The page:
Third Row Elements

Reasons for The Study of The Third Row Elements:

  • The elements are arranged in the order of increasing atomic numbers, in such a way that elements with similar properties fall in the same vertical column of the periodic table. There are eighteen vertical columns known as groups and seven horizontal rows are known as periods.
  • All these elements have vacant 3d orbitals. These elements are capable of transferring their valence electrons to these vacant d orbitals. Thus they are capable of expanding their octet which is not possible in the second-row elements.

Third Row Elements:

  • A group of eight elements namely, sodium (Na), magnesium (Mg), aluminium (Al), silicon(Si), phosphorous (P), sulphur (S), chlorine(Cl) and argon (Ar) belongs to the third period of the periodic table are called as third row elements.
  • The properties of each element are character­istics of the group to which they belong.  Each one of these elements can, therefore, be considered as the representative of the whole group to which it belongs.  Hence the third-row elements are known as typical or representative elements.
  • The properties of these elements gradually change from metallic or basic to non-metallic or acidic character across the third period. Sodium, magnesium and aluminium are metals.  They have a metallic lustre, can conduct heat and electricity.  They are malleable and ductile.  Sodium is very soft metal. Silicon is hard solid and is metalloid. Phosphorous is yellow waxy solid.  It is non-metal.  Sulphur is yellow coloured solid.  It is a non-metal.  Chlorine and argon are gases at room temperature.  They are non-metals.

Position Of The Third Row Elements In The Periodic table:

Third Row Elements 01

  • In the modern periodic table, third row elements have been placed in 1, 2, 13, 14, 15, 16, 17 and 18 groups. Except for Sodium and Argon, the third-row elements are the second member of their group. Sodium and Argon  are the third members of their groups 1 and 18 respectively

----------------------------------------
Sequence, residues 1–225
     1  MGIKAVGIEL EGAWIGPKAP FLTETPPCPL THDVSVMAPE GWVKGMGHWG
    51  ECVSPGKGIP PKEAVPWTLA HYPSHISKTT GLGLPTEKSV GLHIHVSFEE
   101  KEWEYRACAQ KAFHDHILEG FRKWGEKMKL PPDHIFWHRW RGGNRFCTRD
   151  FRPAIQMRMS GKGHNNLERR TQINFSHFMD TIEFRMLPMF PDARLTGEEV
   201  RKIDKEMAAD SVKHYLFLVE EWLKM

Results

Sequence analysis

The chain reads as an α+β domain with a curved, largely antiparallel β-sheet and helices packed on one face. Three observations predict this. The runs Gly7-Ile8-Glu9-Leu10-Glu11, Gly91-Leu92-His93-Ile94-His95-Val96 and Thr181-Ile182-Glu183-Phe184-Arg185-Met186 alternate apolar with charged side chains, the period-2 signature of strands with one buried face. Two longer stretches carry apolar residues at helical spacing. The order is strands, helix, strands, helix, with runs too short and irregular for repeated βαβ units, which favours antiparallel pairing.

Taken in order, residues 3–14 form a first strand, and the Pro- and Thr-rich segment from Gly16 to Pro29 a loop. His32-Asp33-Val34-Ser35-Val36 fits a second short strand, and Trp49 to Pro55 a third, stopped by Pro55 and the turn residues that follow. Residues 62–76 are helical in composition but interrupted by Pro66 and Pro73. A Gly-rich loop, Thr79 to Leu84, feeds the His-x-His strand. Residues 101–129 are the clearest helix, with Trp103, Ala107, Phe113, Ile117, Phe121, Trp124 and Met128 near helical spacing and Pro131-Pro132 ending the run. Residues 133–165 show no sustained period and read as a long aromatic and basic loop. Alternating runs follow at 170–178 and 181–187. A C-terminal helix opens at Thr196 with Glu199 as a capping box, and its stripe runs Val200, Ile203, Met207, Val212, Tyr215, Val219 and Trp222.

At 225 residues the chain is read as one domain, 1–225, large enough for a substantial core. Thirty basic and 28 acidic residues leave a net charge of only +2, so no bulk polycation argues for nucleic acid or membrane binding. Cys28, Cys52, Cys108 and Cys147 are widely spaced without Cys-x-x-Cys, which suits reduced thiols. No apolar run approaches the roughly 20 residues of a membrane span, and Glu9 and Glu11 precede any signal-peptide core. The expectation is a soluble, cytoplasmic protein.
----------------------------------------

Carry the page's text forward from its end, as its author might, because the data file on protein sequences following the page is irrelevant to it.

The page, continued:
• For sodium and magnesium, the last electron to be configured enter into ‘s’ orbitals. Hence sodium and magnesium are s block elements. For all the other third row elements the last electron to be configured enter into ‘ ‘p’ orbitals hence they are p block elements.
  • There are three orbits and valence electrons are present in third main energy level.


Electronic Configuration of Third Row Elements:

  • Electronic configuration of third row elements of the third row is as fol­lows

Third Row Elements 02

  • It can be seen that Sodium ( Z = 11)  has a single electron in its 3 s valency orbital. With the increase in atomic number, in magnesium, aluminium, silicon, phosphorous and chlorine, the electrons successively occupy 3s and 3p valence orbitals until another closed shell configu­ration 1s22s2 2p63s23p6 is reached at argon (Z = 18).

Periodic Trends in Third Row Elements:

Ionisation Enthalpy:

  • The minimum energy required to remove the most loosely attached electron from the outermost shell of a neutral gaseous, isolated atom of an element in its ground state to produce gaseous cation is known as ionisation enthalpy of that element.
  •  Ionisation potential is expressed in terms of kJ per mole

M(g)       +    I. P.       →     M(g)+     +       e